GigSky is now offering its data plans in over 180 countries on Apple SIM, plus great new pricing, the company announced Tuesday. GigSky in the summer of 2016 expanded its service to more than 140 countries worldwide, meaning their affordable mobile data plans for iPad users with Apple SIM are now available in about 40 new markets versus last summer.
Qualcomm and Apple are currently embroiled in a legal spat involving excessive royalties, casting serious doubt on the possibility of a Qualcomm-made LTE modem in a future iPhone. Today, Qualcomm teased a brand new Snapdragon X20 LTE chip, its second-gen Gigabit LTE modem.
It’s capable of fiber-like LTE Category 18 downloads of up to 1.2 gigabits per second, or one-fifth faster than the previous X16 chip. Upload speeds go up to a theoretical maximum of 150 megabits per second. It’s expected to ship in the first half of 2018.
Only time will tell if Apple plans on dual-sourcing cellular modems from both Qualcomm and Intel, in which case 2018 iPhones could theoretically support faster-than-Gigabit-LTE downlink speeds of up to 150 megabytes per second.
When you’re constantly around Wi-Fi networks that block access to certain sites and apps, such as those in educational institutions, you might need to use cellular data to bypass these blocks. The only problem is, you typically have to go through the trouble of turning Wi-Fi off manually, which can be a pain.
That’s the idea behind a new free jailbreak tweak called NoWifiWhenRunThisPlz by HiDan, which lets you configure the apps you want to force cellular usage on, rather than Wi-Fi, when launched.
Apple today published four new ads on its YouTube channel that continue to position its iPad Pro tablet as being better than a computer. The four new commercials, running sixteen seconds each, use the tagline “Real Problems… Answered” and appear to be based on typical PC user tweets.
The videos promote the tablet as a device that’s free of wires, immune to viruses, faster than most laptops and able to run Microsoft Office apps and connect to fast LTE cellular networks.
Give the new ads a quick watch, then meet us in comments.
Verizon is no longer the only major US carrier without an unlimited data plan. As announced yesterday, the carrier’s newly launched Unlimited plan gives you unlimited 4G data, texts and minutes on a single smartphone or tablet in exchange for $80 per month, or $45 per month for four lines ($180 total).
Those prices entail paper-free billing and AutoPay and exclude taxes. It’s unclear if Verizon’s access fees of $20 per month per smartphone and $10 per month per tablet apply to the new plan.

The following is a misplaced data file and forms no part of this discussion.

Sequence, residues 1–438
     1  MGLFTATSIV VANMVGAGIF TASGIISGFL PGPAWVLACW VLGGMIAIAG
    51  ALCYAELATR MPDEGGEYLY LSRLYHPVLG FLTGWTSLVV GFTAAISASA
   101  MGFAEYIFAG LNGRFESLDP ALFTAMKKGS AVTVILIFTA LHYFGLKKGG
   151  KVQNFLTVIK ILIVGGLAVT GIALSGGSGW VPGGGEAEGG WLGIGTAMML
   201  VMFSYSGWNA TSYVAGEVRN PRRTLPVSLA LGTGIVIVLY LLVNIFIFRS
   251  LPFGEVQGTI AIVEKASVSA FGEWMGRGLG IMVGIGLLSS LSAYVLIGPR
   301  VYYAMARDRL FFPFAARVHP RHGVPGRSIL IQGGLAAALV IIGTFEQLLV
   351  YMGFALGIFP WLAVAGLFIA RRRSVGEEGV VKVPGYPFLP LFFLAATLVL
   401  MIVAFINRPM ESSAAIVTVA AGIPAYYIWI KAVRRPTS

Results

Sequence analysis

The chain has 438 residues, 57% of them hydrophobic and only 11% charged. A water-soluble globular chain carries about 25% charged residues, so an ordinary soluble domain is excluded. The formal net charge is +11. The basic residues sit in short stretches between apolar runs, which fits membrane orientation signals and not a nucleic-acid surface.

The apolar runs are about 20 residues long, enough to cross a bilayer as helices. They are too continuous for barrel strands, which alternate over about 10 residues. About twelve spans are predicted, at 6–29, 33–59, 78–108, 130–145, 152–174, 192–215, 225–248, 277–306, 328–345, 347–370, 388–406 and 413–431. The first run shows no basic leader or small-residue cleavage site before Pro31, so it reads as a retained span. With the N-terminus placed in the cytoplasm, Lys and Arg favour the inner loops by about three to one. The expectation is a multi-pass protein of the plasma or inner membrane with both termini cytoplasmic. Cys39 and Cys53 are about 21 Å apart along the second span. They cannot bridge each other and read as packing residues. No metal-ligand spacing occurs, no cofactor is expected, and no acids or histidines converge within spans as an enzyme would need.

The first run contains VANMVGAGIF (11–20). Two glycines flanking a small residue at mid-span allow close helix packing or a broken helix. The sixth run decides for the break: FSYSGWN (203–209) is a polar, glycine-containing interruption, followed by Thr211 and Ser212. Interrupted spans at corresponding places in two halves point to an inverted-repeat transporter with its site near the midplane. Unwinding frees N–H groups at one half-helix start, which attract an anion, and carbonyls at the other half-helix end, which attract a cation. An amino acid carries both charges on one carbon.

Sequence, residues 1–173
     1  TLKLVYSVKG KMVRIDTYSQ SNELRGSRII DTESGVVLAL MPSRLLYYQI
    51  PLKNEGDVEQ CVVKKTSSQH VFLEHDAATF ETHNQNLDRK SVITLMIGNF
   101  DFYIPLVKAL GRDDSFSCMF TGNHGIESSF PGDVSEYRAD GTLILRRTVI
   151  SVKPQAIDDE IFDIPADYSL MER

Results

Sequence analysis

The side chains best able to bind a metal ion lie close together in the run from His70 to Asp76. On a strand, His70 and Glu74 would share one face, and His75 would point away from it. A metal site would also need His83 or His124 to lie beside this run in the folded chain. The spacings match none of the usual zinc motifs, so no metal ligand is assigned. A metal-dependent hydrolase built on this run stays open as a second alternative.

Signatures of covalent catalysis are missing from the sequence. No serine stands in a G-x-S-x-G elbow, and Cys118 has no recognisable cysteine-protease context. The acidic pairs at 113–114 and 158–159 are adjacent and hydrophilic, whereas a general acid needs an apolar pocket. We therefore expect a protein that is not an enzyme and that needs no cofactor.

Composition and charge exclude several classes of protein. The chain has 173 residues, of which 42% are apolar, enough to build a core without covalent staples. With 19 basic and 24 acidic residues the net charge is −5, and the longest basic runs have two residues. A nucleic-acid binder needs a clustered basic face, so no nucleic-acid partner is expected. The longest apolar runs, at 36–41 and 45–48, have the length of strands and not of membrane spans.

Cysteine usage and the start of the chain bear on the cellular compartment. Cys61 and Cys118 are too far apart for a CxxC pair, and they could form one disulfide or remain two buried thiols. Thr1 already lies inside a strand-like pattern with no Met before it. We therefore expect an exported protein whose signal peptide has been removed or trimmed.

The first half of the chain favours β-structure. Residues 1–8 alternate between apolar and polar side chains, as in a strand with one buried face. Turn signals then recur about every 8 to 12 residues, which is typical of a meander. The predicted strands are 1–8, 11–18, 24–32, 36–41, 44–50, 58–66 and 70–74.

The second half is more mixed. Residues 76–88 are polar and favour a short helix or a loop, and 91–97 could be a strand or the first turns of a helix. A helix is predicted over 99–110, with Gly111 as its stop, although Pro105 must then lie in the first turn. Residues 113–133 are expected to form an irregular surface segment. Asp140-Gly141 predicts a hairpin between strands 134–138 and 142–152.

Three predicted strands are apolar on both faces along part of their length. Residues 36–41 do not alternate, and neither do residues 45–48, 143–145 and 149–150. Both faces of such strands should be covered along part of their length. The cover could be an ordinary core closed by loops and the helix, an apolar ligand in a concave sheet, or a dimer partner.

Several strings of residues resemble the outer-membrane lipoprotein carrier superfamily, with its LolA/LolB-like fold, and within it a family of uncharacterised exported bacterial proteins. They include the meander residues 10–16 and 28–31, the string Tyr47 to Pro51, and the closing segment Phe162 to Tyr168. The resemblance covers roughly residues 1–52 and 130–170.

Like with other carriers, you don’t really get truly unlimited data: consume more than 22 gigabytes of 4G LTE data per line in any given month and the system begins prioritizing usage behind other customers in the event of network congestion. For a limited time only, the big red carrier is offering a free iPhone 7/Plus, Google Pixel or another flagship smartphone to those who’d switch to the new plan.
Truphone today announced that its 4G data plans aimed at cellular iPads with Apple SIM are now available in 40 countries around the world, including the United States, the United Kingdom, Australia, France and Germany. Truphone’s pay-as-you-go roaming plans start at €8 (about $8.5) for 500 megabytes of cellular data over 30 days and go all the way up to €20 (about $21.3) for 3 gigabytes of high-speed 4G cellular data over 30 days. They’ll also treat first-time customers to 100 megabytes of data at no charge.
Apple on Friday announced it’s suing iPhone modem supplier Qualcomm, which owns many wireless patents, “after years of disagreement over what constitutes a fair and reasonable royalty”. The suit argues Qualcomm withheld nearly $1 billion in payments it owes to Apple as retaliation because Apple cooperated with the Korea Fair Trade Commission. Last month, Korean regulators slapped Qualcomm with a $850 million fine over its patent-licensing practices.
Apple’s suit, filed in federal district court in the Southern District of California, accuses Qualcomm of charging royalties for technologies “they have nothing to do with.” Responding to the complaint, Qualcomm called Apple’s claims groundless and said they “misrepresented facts”.
Yesterday, the U.S. Federal Trade Commission (FTC) charged Qualcomm with monopolizing baseband modems used in smartphones, basically saying the company bribed Apple into not making a WiMAX iPhone in exchange for better royalties. The chip maker in a subsequent press release denied any wrongdoing, saying the FTC doesn’t really understand how the mobile industry works.
Now we know why Apple has made the controversial decision to dual-source baseband modem chips for iPhone 7 from both Intel and Qualcomm. Tuesday, the U.S. Federal Trade Commission (FTC) charged Qualcomm with monopolizing baseband modems used in smartphones, saying the firm’s leveraged its position to force Apple to use its baseband chips in exchange for lower patent royalties.